It's great to see from these comments how many people you have thinking about these things! We are reducing our waste in three stages - so its less overwhelming. First, reduce non-recyclable kitchen waste by going to the health food store and buying rice etc in cloth bags. Next, reduce recyclable kitchen waste by, for example, cooking my own beans bought in cloth from health food shop rather than buying them pre-cooked in tins (not looking forward to this stage really - sounds hard work but we'll see!) and then looking at other household waste (not much).

4/22/2007 2:54 AM  
Anonymous Carol said...

Thank you Sara,
I will look for the stoneware. It does sound ideal.

4/22/2007 8:08 AM  
Blogger Sarah said...

You know, we've gotten really bad about this lately, not stopping to think about the garbage we take in. This is a good reminder to get more focused on this!

But I stand strong in my resolve to continue purchasing water for my household! We buy in the refillable giant 5 gal jugs, and are actually going to switch to glass.

They don't make water filters that will take out all the crap in our water! (seriously. It's our pipes. Lead.)

4/24/2007 11:05 PM  
Anonymous Sandy said...

Dear Sara, I just love this blog. I read you comment about the book Garbage Land (which I had never heard of) and I went to the library and got it. I am going to start reading it soon. Right next to it was a book called "Waste and Want: A social History of Trash" by Susan Strasser. I can't put it down! Go figure. A book about the history of our country and it's attitudes about recycling and trash - a page turner? But it is fascinating. I thought I'd recommend it to your blog readers.

I am lucky enough to live in a town in Oregon that has a lovely locally owned health food store/deli and they really do their due diligence about the products they sell and where they come from. I don't have to do a lot of research. We also have an excellent recycling program and I am down to one teeny Safeway bag of garbage per week. With the exception of cat litter. I've tried alternatives to clay, but they are sooooo expensive and my cat turns his nose up to them...so we will see how that progresses.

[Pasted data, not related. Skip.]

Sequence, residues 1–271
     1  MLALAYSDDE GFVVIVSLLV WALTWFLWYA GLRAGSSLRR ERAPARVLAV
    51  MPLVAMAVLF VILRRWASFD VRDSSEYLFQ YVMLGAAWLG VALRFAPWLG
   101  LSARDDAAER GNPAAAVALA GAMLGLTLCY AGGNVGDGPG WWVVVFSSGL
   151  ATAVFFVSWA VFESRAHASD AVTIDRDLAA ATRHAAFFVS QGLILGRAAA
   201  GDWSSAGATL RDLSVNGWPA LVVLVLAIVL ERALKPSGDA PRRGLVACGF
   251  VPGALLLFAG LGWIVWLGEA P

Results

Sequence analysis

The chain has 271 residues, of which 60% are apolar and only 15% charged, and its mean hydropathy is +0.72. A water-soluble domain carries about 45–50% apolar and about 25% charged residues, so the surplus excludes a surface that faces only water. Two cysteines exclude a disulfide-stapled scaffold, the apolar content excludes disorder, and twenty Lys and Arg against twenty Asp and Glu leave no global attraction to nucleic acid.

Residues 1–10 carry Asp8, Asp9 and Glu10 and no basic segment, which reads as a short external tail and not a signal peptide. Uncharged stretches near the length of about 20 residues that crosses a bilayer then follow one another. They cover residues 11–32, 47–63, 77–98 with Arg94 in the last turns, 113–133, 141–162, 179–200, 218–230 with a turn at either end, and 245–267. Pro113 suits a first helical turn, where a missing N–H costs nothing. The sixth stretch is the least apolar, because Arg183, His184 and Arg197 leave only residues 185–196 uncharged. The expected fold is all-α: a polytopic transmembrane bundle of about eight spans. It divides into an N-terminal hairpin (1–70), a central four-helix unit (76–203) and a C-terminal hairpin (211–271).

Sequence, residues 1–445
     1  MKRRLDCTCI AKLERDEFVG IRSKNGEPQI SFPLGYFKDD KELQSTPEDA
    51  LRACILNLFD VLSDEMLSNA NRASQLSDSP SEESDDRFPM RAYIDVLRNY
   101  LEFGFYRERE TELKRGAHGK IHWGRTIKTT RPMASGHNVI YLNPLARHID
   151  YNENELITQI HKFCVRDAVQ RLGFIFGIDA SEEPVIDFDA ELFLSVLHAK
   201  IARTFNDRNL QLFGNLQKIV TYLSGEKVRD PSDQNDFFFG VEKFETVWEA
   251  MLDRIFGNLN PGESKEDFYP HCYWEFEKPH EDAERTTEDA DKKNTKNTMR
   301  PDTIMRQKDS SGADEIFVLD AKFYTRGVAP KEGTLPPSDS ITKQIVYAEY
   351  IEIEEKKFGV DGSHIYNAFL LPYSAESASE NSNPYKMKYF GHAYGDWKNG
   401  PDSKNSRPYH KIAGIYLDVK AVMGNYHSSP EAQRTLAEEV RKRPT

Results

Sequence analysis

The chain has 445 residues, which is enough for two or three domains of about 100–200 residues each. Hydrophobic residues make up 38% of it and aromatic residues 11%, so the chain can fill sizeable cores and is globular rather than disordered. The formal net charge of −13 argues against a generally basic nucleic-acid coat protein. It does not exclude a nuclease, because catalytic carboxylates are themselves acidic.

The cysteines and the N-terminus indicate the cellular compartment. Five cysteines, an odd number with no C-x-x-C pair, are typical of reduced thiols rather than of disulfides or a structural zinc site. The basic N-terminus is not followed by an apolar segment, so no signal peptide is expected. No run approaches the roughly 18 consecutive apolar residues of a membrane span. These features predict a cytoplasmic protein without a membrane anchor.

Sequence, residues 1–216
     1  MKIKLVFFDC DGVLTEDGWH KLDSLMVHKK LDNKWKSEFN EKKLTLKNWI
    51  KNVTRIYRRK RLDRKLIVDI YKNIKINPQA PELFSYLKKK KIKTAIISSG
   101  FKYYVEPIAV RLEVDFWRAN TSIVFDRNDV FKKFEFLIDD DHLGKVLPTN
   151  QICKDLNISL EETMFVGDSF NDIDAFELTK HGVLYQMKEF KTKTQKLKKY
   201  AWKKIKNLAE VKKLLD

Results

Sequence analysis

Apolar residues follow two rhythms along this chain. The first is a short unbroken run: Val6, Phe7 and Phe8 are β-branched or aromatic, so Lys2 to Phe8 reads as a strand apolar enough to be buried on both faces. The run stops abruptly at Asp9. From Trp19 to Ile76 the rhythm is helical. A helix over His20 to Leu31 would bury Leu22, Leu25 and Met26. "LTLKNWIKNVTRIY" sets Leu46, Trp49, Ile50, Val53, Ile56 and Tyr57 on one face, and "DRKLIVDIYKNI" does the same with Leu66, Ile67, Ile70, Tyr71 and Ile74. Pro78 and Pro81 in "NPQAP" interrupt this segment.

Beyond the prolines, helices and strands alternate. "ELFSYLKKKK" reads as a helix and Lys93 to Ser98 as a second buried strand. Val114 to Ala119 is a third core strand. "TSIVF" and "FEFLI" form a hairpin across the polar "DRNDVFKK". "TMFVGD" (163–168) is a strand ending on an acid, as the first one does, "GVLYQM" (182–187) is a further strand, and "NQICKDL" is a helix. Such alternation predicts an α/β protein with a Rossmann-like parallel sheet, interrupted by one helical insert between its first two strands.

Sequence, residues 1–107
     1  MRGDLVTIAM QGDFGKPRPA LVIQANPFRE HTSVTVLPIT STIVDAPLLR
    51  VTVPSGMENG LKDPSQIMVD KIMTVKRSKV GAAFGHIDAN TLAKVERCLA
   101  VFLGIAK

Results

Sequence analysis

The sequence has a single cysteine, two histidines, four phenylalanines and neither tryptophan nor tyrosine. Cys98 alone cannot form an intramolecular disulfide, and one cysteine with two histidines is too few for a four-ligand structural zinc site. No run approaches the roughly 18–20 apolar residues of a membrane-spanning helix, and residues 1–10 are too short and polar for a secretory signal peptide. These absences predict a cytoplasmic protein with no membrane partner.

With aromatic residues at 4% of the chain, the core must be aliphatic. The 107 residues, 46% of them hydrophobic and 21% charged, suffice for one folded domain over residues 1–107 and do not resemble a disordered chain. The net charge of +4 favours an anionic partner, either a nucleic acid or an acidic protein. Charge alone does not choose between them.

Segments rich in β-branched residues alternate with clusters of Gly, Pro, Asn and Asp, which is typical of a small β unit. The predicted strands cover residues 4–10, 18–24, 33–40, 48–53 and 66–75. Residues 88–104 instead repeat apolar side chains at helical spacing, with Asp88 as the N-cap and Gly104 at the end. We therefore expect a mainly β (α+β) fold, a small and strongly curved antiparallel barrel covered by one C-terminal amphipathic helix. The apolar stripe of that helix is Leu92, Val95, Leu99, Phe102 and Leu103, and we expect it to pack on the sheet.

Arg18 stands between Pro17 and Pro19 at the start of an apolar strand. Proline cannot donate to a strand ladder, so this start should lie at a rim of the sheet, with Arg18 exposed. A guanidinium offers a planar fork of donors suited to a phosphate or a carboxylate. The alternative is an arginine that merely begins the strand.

After reading all the comments I am really starting to consider a worm bin -- I love to garden and that would be a win-win situation, but I'm still a bit squeemish about that many worms! They aren't stinky all packed in like that?

We also have a great farmers market, but I thought, I buy organic, why bother? Well, now I realize I should support local, as well as organic.

Please, also, I have chemical allergies (which embarked me on this lifestyle) so I would love to hear people's comments on how they keep chemicals and fragrances out of their lives and homes and useful/working alternative products. My Grandmother died of Parkinsons and I know in my heart it was all the chemical stuff she was exposed to in her lifetime. There wasn't a housecleaning product Grandma didn't have and her house was spic and span clean but smelled like chemicals! And the garden! Oh my! The stuff we used to dust on those plants! I think about it now....

I don't want to go on and on, but I've learned so much from your blog and your readers comments. Blessings to you for this blog and keep up the good work!

4/28/2007 11:41 AM  
Anonymous magda said...

my husband also had a clif bar addiction. i was so bothered by all of the packaging waste that i figured out my own. now he won't eat the clif bars anymore, cause these taste so much better! you can veganizes these by replacing the eggs with flax seed (1 TBS flax to 3 TBS water, whisked together) and the milk with nut-milk. you can mix in whatever you like in terms of nuts, fruits, etc, and the sugar can be reduced or eliminated without calamity.

Wet
1 c applesauce
1/2 c nut butter
1 c brown sugar
2 eggs
1/4 c milk

Dry
1 c wheat flour
1 c ground oats
3 TBS ground flax seeds
2 c oatmeal
1 tsp soda

Mix-ins
1/2 c chopped chocolate
1/2 c chopped dried figs
1/2 c chopped walnuts

Preheat oven to 350. Beat wet ingredients. Stir together dry ingredients. Add wet to dry and mix well. Stir in mix-ins. Butter a large baking dish (13x9) and spread mixture evenly in the dish. Bake for about 20 minutes, until beginning to brown about the edges, but still soft. Allow to cool completely in the baking dish. Cut into squares and freeze.

4/30/2007 11:28 AM